77 votes
Accepted

Is Earth's moon the only one where a total eclipse of the sun covers the entire sun?

As planets get farther from the Sun, the Sun takes up a smaller part of the sky. The Sun is about 31 arc-minutes when viewed from Earth, but just 6-7 from Jupiter and 3-4 from Saturn. Less than 2 ...
userLTK's user avatar
  • 23.9k
73 votes

Why do Jupiter’s moons have so much water?

tl;dr: They have more water because they captured it as ice, and it’s easier to hold onto ice than water vapor. Planets (and by extension, moons) beyond the frost line were formed with ice as a part ...
Justin T's user avatar
  • 3,404
48 votes
Accepted

Why don't the inner moons of Jupiter have tidally-induced volcanism?

It’s because they are much smaller than Io. Tidal forces are differential forces, that is, they result from the difference in gravitational pull on one side of a body compared to the other. When an ...
Eric Jensen's user avatar
  • 4,864
44 votes

Why is there a mountain inside the Herschel crater on Mimas?

In the extreme energy of a large impact, the rock behaves like a liquid (It isn't actually completely melted, though some is. The extreme forces cause the rock to flow). As the impactor hits the moon, ...
James K's user avatar
  • 119k
38 votes

Do celestial objects need to be big to have liquid water on their surfaces?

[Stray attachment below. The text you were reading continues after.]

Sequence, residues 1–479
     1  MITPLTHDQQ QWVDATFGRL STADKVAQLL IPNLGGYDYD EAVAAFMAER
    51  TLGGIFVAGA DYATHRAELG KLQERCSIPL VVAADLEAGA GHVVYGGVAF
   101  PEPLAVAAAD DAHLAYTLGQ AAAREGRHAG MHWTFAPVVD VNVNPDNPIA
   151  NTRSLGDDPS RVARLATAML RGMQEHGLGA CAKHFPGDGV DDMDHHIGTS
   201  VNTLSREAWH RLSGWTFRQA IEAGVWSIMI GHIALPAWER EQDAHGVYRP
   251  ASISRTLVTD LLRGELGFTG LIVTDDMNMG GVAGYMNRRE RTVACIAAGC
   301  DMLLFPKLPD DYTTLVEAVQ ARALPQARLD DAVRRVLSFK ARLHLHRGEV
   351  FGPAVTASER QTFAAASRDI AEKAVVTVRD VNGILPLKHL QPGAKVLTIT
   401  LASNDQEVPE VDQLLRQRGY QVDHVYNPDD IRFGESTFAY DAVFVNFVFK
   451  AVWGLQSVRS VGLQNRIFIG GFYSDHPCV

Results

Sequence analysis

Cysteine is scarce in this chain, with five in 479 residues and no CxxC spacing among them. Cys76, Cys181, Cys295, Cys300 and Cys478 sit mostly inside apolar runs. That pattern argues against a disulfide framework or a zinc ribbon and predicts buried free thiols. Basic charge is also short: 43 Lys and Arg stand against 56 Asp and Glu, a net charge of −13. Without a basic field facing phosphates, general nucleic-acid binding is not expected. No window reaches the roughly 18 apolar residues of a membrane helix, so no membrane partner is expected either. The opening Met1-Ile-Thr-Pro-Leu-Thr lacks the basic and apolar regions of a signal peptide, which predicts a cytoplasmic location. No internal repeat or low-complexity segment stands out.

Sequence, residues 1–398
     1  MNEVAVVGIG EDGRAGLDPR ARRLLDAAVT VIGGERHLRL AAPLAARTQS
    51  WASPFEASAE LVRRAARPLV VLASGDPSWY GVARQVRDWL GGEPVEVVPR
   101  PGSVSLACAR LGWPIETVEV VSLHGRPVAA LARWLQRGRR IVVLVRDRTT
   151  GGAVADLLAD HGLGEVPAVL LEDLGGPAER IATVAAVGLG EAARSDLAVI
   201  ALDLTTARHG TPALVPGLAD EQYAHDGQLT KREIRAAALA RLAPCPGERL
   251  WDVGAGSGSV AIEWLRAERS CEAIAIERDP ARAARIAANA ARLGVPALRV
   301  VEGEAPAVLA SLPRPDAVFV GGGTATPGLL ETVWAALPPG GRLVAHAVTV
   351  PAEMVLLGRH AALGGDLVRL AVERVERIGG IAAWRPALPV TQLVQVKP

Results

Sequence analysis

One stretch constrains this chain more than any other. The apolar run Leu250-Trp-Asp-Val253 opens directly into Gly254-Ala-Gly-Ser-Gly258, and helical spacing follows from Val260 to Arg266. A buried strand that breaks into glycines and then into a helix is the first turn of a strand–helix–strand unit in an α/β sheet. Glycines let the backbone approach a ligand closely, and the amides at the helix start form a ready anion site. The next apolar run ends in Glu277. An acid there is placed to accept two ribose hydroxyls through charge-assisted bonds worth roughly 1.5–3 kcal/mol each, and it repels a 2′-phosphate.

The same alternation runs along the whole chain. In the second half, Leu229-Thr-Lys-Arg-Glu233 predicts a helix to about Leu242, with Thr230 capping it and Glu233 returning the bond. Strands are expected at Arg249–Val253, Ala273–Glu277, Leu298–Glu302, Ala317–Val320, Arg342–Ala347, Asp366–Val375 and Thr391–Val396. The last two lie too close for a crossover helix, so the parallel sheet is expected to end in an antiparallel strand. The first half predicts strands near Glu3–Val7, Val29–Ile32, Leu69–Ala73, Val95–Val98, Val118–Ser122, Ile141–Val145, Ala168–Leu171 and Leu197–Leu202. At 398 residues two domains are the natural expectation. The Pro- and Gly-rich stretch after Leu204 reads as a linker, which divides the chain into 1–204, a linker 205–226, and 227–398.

Liquid water can't exist in a vacuum. If there is no pressure, then the boiling point will drop to the freezing point and so there will either be ice or water vapour. And if the world is "small&...
James K's user avatar
  • 119k
36 votes
Accepted

Why do planets and satellites in the Solar system look so wildly different if they came from more or less the same matter?

This questions can be split in two; for planets and satellites. The diversity of planets reflects in part the diversity in terms of chemical composition of the protoplanetary disk. We know that UV ...
Swike's user avatar
  • 3,896
34 votes

Is it possible to have satellites (natural or not) orbit the same celestial object in different directions ? (clockwise, counterclockwise)

It is absolutely possible. Moons that formed with their planet will be in prograde orbits, but moons that are captured bodies (such as the outer satellites of Jupiter, Saturn, Uranus, and Neptune (...
notovny's user avatar
  • 4,770
33 votes

Definition of a moon in an exam: "A satellite of a planet that *doesn't produce light itself but reflects it*" - is there relevance for the emphasis?

I'd ask the test author to provide an example of an object that would be improperly defined as a moon in the typical answer ("A satellite of a planet") that would properly be defined as not ...
Connor Garcia's user avatar
  • 16.3k
23 votes
Accepted

Which Saturn satellite passes closest to Saturn's rings and at what distance?

Pan, Daphnis, and various other moonlets, I would argue, are inside the rings. If you explicitly discount the Encke gap (which Pan orbits in) and the Keeler gap (which Daphnis orbits in) as being ...
Ingolifs's user avatar
  • 4,157
22 votes